I really enjoy baking. I have a fairly large kitchen, a nice oven, and a stand mixer. Still, I sometimes find holiday cookie season to be a bit of a slog.
There have been December nights when I have stayed up past midnight, running two different oven timers, wondering how I got flour and colored sugar on every surface, dreading washing every sticky, butter-slicked bowl in the cupboard.
Last year I figured out a better way. I was due to give birth in early December, and in a brilliant moment of foresight I realized that 1) there was no way I could stay up until all hours baking cookies once I had a newborn. And 2) cookies would be more important to me than ever. So I pre-made most of my cookie dough and froze it. It changed my entire perspective on how to make holiday cookies.
This year I mixed up three batches of cookies at a time in just over two hours. I drank a glass of wine and listened to a couple podcasts. It was mellow and relaxing.
Here’s the thing: If you delight in spending an entire day in a haze of sugar and flour, more power to you. But for the rest of us, trying to make the dough and bake and decorate cookies all in the same day is a losing proposition. It’s a bigger chunk of time than most people have to spend in the kitchen all in one go, and most cookie doughs benefit from sitting overnight—or longer—in the fridge anyhow.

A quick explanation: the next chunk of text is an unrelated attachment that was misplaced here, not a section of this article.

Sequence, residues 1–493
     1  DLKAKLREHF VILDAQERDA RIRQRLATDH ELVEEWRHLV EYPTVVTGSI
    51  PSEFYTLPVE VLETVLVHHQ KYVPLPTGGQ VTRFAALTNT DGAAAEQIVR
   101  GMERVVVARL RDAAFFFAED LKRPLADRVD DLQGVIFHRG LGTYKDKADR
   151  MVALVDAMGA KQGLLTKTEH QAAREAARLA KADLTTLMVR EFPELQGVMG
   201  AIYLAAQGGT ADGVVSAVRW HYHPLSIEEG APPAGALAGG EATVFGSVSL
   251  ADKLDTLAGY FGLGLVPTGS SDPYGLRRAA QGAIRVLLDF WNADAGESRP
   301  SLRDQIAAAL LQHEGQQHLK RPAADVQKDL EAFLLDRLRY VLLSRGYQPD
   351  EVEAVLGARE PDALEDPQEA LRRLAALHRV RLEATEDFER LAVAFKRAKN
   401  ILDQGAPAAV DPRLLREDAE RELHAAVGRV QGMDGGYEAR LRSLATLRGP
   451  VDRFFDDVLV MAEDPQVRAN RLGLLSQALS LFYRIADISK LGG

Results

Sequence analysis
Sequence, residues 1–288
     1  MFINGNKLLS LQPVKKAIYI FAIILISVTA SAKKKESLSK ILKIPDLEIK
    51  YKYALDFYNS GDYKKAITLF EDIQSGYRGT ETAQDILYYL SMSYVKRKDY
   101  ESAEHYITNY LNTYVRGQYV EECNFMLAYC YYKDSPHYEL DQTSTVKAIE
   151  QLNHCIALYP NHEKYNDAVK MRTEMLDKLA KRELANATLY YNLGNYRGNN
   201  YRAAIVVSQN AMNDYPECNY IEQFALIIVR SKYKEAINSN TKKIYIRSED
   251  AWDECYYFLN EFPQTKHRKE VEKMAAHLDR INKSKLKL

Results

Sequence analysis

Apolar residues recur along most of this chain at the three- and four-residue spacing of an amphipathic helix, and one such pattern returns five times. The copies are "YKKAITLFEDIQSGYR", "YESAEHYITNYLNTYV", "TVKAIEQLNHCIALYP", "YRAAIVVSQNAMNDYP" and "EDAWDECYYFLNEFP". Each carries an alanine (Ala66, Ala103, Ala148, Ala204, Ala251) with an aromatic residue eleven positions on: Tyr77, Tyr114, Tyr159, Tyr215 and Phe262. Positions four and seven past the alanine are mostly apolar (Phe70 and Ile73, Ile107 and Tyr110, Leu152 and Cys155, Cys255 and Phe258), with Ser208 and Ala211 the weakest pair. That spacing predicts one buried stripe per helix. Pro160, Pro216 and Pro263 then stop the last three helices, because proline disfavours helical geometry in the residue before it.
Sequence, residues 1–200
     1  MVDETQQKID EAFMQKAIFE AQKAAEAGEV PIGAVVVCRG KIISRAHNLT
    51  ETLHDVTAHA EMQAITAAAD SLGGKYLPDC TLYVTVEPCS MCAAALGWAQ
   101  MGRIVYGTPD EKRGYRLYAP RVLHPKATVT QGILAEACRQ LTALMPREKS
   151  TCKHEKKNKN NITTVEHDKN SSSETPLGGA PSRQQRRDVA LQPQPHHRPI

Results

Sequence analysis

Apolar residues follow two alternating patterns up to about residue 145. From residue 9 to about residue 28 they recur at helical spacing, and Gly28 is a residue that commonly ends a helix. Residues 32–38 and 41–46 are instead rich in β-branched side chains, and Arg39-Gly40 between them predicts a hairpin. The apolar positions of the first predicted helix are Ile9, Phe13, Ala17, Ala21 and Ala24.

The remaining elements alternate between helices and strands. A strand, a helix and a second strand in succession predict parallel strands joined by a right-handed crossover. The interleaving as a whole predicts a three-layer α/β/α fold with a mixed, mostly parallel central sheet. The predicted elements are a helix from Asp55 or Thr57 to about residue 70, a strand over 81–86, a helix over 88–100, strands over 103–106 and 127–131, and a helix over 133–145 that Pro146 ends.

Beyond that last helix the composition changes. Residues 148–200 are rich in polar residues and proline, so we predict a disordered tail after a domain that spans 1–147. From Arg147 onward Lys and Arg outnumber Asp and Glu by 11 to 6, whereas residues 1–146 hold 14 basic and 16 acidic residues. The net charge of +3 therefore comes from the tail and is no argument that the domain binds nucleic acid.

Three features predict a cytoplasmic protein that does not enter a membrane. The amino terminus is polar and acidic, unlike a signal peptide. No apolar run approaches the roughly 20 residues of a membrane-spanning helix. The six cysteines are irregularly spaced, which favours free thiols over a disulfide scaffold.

Make your dough in advance, then bake your cookies and decorate them at a pace that meets your needs—whether that’s all at once as an afternoon project with kids, or just a few at a time, for still-warm cookie plates throughout the season.
You don’t have to limit this to the holidays either: You too can be the kind of person who always shows up with a warm plate of cookies, like it’s no big thing. And there is no greater gift you can give yourself than burying some cookies in your freezer to be forgotten about and then discovered on a cold January night. Here’s how to be that person.
Choose cookies that can be frozen (which is most). I like to make three kinds: a classic sugar cookie that my kids can decorate with sprinkles; Dorie Greenpan’s justly famous World Peace Cookies for a hit of chocolate; and then a wild card.
This year I went for four, adding an excellent ginger cookie from King Arthur Flour (add a half cup of chopped dates, trust me), and a chocolate and vanilla shortbread that looked beautiful in the pages of Bon Appetit, and looked like a B+ junior high home economics project when I tried to replicate.
Having a buttery crisp sugar cookie in the mix is really key. The recipe my family has been using from The Joy of Cooking for at least three generations can be mixed in about 15 minutes and the possibilities for decorating them are endless. They make excellent use of eclectic cookie cutters, and can be topped with sprinkles, those weird silver candy balls, royal icing, egg wash and food coloring, frosting, or crushed up candy canes, among endless other options.
Make a list of all the ingredients you’ll need, all the flours, sugars, cocoa powder, nuts, eggs, and decorations your recipes require. Check your cupboard—do you need baking power, baking soda, or vanilla? Buy one more pound of butter than you think you’ll need. You may want to make a second batch of something and while you are likely to have flour and sugar leftover, cookies require a lot of butter and you will go through it at an alarming pace. Get yourself set up to bake.